Review: Moondrop Lan

Sound Summary

Moondrop has tuned the LAN to follow rather than buck the “harman response curve” trend, following a modest-to-mild V-shaped signature with a marginal scoop in the midrange. Toeing the line between a ruler-flat sound signature and an excitable contrast between the lower-and-upper sonic regions, the LAN attempts to strike a healthy balance between the former and latter, where realism and macrodynamic presentation share the same level of priority.

Actual real-world performance suggests that Moondrop has succeeded with flying colours. There’s an observable emphasis on the mid-to-upper treble, with a fresh injection of natural up top sparkle and air, followed by a moderate touch of mid-bass presence and a proportionally stronger sub-bass rumble. At best, the juxtaposition between them is minute albeit identifiable: a tuning that reflects Moondrop’s practised restraint.

Despite the slight valley in the mid-frequency band, the Lan’s tone and timbre in the midrange are naturalistic and organic. Even harmonic-focused voicings are situated at the forefront of the mix, where lyric perceptibility is excellent for a sub-$50 IEM. By achieving the best of both tuning worlds, the Lan is quintessentially Moondrop, where analytical and fun-loving audiophiles can both find something to love in the Lan.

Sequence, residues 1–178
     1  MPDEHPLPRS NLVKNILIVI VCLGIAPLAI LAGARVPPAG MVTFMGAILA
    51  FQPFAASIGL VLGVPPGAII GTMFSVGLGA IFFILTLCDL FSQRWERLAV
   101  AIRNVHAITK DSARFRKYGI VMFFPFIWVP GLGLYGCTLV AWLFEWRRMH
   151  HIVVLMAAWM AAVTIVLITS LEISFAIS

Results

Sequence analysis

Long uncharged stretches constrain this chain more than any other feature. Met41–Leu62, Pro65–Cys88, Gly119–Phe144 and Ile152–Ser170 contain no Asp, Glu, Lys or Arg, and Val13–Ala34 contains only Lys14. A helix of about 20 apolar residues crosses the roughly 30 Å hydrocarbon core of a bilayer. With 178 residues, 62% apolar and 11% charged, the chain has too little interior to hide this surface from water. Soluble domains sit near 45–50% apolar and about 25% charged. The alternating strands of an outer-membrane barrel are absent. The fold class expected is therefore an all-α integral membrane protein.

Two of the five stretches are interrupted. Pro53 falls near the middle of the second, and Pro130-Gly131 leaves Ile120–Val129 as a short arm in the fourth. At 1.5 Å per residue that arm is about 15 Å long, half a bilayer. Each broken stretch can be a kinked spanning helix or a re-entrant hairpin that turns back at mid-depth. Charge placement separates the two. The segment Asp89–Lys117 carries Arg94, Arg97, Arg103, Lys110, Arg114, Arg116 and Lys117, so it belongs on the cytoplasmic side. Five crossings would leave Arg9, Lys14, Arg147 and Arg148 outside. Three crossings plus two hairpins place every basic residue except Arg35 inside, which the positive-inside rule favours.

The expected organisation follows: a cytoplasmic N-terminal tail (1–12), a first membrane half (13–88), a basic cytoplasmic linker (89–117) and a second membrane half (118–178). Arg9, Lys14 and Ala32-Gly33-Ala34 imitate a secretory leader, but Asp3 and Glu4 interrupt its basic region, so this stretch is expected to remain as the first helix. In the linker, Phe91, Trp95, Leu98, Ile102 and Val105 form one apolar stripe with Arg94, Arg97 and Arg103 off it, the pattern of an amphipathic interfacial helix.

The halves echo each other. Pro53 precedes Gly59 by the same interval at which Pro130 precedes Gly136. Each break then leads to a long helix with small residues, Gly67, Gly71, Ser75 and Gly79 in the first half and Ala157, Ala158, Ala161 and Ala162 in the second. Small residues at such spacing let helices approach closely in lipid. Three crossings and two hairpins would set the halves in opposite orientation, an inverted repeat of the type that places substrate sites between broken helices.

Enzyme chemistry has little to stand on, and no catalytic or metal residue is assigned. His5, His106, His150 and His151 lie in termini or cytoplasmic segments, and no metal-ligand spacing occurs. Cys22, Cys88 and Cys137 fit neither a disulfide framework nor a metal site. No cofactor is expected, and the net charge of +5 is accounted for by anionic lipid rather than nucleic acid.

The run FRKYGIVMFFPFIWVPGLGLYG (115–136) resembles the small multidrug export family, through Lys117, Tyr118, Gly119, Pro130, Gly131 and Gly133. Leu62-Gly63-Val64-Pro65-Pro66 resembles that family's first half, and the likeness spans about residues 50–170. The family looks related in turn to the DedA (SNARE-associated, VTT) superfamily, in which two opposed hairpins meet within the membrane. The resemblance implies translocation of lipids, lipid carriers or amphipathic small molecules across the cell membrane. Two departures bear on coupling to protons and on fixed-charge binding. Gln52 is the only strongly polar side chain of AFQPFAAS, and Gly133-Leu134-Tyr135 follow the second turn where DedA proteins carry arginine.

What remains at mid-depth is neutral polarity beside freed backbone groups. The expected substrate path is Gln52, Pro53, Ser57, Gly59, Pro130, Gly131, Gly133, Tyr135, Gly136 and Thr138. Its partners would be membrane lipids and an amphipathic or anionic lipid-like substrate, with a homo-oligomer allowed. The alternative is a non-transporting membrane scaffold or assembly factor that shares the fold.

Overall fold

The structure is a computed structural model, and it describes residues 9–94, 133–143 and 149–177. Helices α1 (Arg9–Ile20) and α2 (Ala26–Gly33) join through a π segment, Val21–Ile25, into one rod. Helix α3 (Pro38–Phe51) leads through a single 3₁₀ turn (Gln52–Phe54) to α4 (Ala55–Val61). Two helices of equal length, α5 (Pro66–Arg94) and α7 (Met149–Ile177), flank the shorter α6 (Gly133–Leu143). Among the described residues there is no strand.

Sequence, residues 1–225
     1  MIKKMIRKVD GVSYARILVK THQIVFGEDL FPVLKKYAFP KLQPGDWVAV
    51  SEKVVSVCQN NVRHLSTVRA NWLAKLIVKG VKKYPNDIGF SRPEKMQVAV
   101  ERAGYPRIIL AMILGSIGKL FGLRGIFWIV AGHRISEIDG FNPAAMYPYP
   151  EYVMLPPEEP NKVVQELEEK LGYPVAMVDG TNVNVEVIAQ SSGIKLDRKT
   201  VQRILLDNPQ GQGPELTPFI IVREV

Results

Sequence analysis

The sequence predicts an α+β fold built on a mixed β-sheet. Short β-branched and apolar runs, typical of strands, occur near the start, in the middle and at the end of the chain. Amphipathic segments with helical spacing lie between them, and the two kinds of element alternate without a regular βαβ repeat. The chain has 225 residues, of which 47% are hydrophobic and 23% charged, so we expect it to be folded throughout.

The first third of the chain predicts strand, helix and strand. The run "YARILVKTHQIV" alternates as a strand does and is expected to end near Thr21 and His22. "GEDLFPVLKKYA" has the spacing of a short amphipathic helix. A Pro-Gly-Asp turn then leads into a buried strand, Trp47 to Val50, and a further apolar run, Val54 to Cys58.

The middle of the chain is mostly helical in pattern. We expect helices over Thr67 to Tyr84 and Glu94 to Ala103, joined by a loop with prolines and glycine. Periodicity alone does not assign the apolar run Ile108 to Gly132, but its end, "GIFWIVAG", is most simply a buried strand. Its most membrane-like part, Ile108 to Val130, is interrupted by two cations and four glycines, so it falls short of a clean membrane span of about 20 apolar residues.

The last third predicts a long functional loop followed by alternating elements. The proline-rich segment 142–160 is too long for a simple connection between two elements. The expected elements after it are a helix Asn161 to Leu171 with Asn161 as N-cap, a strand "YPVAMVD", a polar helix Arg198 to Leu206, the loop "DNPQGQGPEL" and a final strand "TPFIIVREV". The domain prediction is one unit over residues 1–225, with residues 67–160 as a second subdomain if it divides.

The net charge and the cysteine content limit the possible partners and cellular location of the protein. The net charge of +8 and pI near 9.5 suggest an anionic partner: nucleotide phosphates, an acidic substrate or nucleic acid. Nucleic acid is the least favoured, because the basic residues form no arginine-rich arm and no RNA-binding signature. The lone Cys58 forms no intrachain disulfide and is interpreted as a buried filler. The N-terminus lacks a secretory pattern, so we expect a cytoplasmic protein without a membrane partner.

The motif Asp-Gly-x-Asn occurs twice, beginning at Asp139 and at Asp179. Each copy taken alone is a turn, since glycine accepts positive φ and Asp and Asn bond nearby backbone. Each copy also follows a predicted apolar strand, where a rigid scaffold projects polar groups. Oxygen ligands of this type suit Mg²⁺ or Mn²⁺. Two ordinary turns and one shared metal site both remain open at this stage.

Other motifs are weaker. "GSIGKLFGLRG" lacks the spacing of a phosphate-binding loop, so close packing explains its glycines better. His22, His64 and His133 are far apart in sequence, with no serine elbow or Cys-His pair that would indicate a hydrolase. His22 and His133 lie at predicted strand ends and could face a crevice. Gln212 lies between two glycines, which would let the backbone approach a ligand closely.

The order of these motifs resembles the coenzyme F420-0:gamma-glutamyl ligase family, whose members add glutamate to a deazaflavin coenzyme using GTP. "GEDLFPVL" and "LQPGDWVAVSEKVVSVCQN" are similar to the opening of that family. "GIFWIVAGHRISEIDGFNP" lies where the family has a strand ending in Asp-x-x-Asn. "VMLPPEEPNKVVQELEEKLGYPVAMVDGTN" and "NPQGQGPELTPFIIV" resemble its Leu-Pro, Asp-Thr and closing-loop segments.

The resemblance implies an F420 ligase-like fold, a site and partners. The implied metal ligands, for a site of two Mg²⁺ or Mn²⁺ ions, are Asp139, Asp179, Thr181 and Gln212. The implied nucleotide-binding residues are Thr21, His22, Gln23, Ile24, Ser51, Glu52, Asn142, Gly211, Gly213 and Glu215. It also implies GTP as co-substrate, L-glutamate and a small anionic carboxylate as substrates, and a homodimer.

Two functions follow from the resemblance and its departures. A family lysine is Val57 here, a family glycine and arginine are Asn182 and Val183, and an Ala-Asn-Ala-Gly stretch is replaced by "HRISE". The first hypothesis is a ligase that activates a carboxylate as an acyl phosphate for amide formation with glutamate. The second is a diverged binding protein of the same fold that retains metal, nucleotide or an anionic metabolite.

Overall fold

Unfortunately, the Lan’s biggest flaw is limited by its price. The technical limitations of its beryllium-composited diaphragms begin to display weaknesses in terms of raw resolution and clarity amongst trailing instruments and voicings, where illustrating a clear-and-accurate picture is middling at best.

Amidst the morass of overwhelming crescendoes, intricate mixes on the Lan highlights its inability to accurately separate multiple layers of instruments and vocal melodies from each other. I would wager that this is attributed to the fact that Lan’s dynamic driver is not resolving enough in terms of PRAT for an extensively detailed image. The Lan’s average transient detail retrieval results in cues slightly converging into one another, with mushy imaging capacities.


The Lan’s bass response is characterised by a modest sub-bass rumble, with a fairly uncoloured mid-bass “thump”, less so slam or punch. To put it brusquely, the Lan’s lower registers straddle the borders of neutrality, with a tiny emphasis on bass bloom, solidifying the pluck of each string and the strike of each drum.

The Lan’s bass response is purposefully inoffensive for a safe-and-comfortable listening experience across a diverse breadth of music genres. However, a jack of all trades is a master of none. The Lan’s spartan bass response lacks meat to its bones. It doesn’t have the mid-bass aplomb or dexterity of IEMs with faster PRAT. By opting for an indecisive merger between subtle warmth and delicate neutrality, the Lan indexes well for the former and latter qualities, but it doesn’t particularly excel in either.

You win some, and you lose some.